Over the course of several Saturdays in autumn, children and families have been gathering together in different venues across Edinburgh to create a monster!
The project, organised by National Museums Scotland Community Engagement team, has brought three groups of people based in Leith together with an artist to create a spectactular sculpture of a Chinese dragon. This dragon will hang at the entrance to the Imagine gallery, which opens as part of the new National Museum of Scotland in 2011. The eight-metre-long dragon will lure visitors into the gallery, a colourful interactive space where families and other visitors will be able to explore festivities around the world.
Several groups, including pupils of the Edinburgh Chinese School, Leith Primary and Macdonald Road Library’s multicultural family learning group, have participated in very successful workshops ofer the last two months. In these workshops, participants have found out more about Chinese culture, researched the significance and meaning behind Chinese dragons, and created their own moving dragons of various shapes and sizes.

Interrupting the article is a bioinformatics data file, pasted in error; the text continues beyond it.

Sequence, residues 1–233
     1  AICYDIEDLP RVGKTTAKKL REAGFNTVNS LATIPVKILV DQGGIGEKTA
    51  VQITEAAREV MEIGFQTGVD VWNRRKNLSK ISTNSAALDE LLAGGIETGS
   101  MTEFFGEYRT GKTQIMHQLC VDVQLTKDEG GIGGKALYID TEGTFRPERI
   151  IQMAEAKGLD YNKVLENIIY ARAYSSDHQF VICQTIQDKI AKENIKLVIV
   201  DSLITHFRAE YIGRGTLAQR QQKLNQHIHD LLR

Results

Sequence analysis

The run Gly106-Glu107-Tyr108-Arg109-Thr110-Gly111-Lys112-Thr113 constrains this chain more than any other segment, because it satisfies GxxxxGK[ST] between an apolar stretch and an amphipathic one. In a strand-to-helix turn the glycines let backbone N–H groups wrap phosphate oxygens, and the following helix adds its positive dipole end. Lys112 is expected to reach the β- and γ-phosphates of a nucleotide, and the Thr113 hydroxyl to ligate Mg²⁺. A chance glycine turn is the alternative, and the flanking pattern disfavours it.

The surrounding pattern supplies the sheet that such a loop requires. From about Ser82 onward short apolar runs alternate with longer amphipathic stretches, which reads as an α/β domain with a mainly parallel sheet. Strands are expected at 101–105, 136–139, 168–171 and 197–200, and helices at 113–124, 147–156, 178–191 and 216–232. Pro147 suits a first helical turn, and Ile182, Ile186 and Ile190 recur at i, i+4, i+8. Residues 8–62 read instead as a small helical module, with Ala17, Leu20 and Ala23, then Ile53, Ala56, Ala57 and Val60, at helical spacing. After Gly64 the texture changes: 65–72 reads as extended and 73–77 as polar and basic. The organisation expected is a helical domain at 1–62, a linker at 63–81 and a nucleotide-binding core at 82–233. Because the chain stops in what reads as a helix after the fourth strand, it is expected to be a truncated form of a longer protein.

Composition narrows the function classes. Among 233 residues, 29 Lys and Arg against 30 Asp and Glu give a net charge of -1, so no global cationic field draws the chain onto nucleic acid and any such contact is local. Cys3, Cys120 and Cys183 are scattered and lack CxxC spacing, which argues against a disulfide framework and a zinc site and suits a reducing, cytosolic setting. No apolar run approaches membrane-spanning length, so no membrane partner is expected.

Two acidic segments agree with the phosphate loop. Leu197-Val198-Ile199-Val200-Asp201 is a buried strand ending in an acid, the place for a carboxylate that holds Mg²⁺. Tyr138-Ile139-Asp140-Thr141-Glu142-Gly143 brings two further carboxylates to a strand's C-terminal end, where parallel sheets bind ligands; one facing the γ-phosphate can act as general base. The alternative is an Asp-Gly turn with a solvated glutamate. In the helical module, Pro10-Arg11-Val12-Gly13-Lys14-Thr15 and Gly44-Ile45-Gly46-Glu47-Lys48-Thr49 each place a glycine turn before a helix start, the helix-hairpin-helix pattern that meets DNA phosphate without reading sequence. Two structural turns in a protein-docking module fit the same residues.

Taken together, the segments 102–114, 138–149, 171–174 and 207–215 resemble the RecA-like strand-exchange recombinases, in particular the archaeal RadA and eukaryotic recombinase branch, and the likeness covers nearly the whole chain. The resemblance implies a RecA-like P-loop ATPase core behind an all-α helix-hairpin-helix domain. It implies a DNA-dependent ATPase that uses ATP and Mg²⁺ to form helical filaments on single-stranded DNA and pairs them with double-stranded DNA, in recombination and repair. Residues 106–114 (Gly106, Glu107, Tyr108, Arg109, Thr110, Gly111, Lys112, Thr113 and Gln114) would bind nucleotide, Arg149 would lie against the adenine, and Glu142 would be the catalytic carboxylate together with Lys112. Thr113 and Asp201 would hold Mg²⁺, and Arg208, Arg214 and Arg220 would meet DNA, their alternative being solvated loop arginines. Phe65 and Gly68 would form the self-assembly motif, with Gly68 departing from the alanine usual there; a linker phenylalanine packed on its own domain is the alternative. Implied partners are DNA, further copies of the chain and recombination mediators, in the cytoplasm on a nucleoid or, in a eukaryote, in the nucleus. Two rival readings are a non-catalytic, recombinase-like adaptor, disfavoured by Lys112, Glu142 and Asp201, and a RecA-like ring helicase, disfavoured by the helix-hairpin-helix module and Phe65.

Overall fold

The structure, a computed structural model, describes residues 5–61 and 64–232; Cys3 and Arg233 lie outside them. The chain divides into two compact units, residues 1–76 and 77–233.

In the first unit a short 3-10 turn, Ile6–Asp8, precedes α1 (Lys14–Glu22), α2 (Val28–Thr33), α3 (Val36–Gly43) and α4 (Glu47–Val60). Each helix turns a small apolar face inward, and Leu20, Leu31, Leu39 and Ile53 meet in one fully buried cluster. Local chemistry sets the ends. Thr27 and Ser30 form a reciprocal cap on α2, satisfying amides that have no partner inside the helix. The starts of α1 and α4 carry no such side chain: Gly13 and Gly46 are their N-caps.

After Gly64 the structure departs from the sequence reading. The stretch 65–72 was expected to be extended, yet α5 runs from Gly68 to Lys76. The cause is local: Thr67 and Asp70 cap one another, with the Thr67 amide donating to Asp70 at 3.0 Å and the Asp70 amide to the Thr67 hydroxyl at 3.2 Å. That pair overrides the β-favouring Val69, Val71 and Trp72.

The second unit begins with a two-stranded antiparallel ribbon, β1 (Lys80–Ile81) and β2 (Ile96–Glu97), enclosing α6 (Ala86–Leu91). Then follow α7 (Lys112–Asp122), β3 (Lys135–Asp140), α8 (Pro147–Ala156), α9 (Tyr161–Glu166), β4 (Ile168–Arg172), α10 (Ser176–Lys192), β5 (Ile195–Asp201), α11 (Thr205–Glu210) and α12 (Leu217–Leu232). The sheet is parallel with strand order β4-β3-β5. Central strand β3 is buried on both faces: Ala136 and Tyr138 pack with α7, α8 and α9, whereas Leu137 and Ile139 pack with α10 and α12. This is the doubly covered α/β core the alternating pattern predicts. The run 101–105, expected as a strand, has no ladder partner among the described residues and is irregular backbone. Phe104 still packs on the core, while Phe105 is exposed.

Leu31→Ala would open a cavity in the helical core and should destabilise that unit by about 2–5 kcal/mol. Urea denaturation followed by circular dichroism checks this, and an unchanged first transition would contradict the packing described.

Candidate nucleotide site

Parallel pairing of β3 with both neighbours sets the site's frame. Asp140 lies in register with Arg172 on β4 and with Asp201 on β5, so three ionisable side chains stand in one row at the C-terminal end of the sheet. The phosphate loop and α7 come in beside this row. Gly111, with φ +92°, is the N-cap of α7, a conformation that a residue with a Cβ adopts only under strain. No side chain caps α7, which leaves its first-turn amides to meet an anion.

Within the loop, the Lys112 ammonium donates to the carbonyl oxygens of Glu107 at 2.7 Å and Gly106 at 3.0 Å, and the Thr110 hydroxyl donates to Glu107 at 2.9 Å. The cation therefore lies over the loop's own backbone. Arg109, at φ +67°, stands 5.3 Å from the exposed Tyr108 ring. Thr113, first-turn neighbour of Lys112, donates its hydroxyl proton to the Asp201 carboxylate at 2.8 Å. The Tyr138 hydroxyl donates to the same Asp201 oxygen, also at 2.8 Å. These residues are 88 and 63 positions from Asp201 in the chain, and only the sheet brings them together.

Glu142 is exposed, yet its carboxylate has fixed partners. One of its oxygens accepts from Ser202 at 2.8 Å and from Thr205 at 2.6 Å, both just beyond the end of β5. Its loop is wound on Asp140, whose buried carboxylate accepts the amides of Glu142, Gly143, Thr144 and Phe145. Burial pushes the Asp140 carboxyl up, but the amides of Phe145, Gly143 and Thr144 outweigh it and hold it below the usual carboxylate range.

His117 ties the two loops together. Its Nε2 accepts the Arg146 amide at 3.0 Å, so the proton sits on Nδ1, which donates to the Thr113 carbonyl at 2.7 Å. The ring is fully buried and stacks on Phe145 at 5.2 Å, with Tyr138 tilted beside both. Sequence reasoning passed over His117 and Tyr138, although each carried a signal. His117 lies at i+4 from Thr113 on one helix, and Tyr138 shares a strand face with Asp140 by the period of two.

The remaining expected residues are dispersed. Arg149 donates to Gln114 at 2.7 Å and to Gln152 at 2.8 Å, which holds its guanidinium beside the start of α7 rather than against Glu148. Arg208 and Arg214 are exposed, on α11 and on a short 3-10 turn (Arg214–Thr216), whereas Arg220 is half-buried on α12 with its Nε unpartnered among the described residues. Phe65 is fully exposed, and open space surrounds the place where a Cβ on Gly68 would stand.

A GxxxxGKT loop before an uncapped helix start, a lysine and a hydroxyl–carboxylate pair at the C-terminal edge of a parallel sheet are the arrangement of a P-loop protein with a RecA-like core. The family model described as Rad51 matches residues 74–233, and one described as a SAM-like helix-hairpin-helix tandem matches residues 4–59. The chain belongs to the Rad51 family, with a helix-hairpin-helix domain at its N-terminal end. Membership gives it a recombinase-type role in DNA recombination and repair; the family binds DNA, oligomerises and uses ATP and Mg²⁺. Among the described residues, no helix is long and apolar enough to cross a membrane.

The artist appointed for this project, Kim Bergsagel, has worked both locally and internationally, collaborating with communities to create large-scale artworks. Most recently she made Big Man Walking, an eight-metre blue puppet who toured Scottish towns to great acclaim.
Over the next few months these groups will visit Kim’s studio to see the dragon take shape. They will also be involved in our Chinese New Year celebrations in Feburary, which will take place in the National Museum of Scotland. We’ll also be involving these groups in other consultation for the Imagine gallery, for instance, working with them to choose books for our Story Corner.
The aim of the project is to further strengthen our connections with local audiences and, by involving families in the creation of content for the National Museum of Scotland’s reopening, ensure that they feel a real part of our new spaces for a long time to come.
You can see more pictures from the workshops on Flickr.